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Credit Suisse Emerging Market Research Institute publishes “Opportunities in an Urbanizing World”
Research report identifies the challenges and explores the opportunities for governments and investors as emerging market populations migrate towards citiesThe Credit Suisse Emerging Market Research Institute’s (EMRI) “Opportunities in an Urbanizing World” report is an in-depth study of the migration of the world’s population from rural areas to cities. Estimating that by 2037, half the world’s population will live in emerging market cities, the report identifies migration trends over a 100-year period and their impact on the global economy. The report further analyses where the highest growth rate in urban population is concentrated, namely in Non-Japan Asia and Sub-Saharan Africa. Those countries providing the best investment opportunities based on this theme include China, Egypt, India, Indonesia, Nigeria, Pakistan, Philippines, Thailand and Vietnam.
Alexander Redman, Co-Head, EMRI, said: “This research addresses a very broad spectrum of issues related to the emerging markets urbanization theme. For example, critical for the outlook on global carbon emissions will be the urban density ultimately achieved in the growing cities of China, India and other developing nations. Will they achieve the density of New York with its low per capita emissions or the higher emissions associated with lower density more sprawling cities in the US sunbelt?”
Fan Cheuk Wan, Co-Head, EMRI, added: “The aim of today’s report is to provide investors with relevant insights on the rapid industrialisation of developing nations, and ultimately enable them to participate in thematic investment opportunities in key emerging market growth regions.”
Cities to account for 70% of global population by 2050
In the hundred years between 1950 and 2050 the global population is undergoing an irreversible structural transition in the way we live. Drawn by the superior economic, lifestyle and social opportunities of urban dwelling, the world’s population is migrating from rural areas—accounting for 70% of global population in 1950—to cities—accounting for 70% of global population by 2050 on United Nations projections. In 2009 the percentage of the planet’s population living in urban areas crossed the 50% threshold and by 2037 cities in developing nations will contain half the world’s total population.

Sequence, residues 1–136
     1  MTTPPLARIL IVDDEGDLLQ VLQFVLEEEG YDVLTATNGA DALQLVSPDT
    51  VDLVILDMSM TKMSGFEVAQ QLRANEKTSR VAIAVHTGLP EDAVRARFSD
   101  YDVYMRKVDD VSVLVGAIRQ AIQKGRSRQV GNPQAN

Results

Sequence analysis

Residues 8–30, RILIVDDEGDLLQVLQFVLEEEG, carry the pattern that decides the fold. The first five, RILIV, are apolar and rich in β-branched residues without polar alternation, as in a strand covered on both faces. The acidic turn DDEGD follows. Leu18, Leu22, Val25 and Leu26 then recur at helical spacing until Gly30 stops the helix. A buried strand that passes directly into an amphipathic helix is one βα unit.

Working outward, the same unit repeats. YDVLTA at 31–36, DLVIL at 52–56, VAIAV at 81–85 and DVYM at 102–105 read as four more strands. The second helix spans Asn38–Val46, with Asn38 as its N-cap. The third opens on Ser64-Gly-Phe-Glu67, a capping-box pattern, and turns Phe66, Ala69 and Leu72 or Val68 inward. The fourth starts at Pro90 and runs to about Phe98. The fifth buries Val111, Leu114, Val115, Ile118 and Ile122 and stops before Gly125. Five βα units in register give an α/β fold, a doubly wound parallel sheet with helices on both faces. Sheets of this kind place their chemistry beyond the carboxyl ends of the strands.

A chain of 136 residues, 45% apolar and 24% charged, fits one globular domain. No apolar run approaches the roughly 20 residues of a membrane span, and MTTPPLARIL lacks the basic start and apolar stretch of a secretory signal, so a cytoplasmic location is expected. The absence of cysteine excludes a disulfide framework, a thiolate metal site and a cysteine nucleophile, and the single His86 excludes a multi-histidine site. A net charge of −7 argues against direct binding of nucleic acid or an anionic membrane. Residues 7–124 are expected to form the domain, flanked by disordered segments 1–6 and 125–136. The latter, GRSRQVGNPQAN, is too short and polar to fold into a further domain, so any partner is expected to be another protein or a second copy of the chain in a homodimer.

Per capita economic activity increases 10% with every 5 percentage point increase in urban population
Urbanization continues to provide one of the most significant drivers of growth for the global economy. Typically, as the share of a country’s urban population rises by 5 percentage points, there is an associated gain in per capita economic activity of 10%. It is critical that governments of rapidly urbanizing countries effectively deliver the necessary policy mix, from urban planning with appropriate levels of investment into infrastructure and affordable housing, through to social programs allowing more balanced income distribution, necessary to ensure that the appropriate level of associated growth potential is unlocked as their populations migrate towards cities.
Investing in the developing markets urbanization theme
Credit Suisse argues that the best opportunities from the emerging markets urbanization theme are those related to countries offering the following characteristics:
(i) large total populations;
(ii) a current urbanization rate in the range 30%-50%;
(iii) a low GINI coefficient;
(iv) uninterrupted access to capital markets, and
(v) preferably low or decreasing levels of corruption.
Globally, these criteria would therefore fit: China, Egypt, India, Indonesia, Nigeria, Pakistan, Philippines, Thailand and Vietnam.
Income growth of urbanizing populations allows for increased consumption
Credit Suisse finds that as countries urbanize there is typically an associated incremental gain in the consumption share of GDP which the bank argues is particularly relevant in the case of China. Moreover, essential for the growth and development of emerging economies is the strong association between rate of urbanization and improved levels of education and productivity which strengthen a nation’s human capital.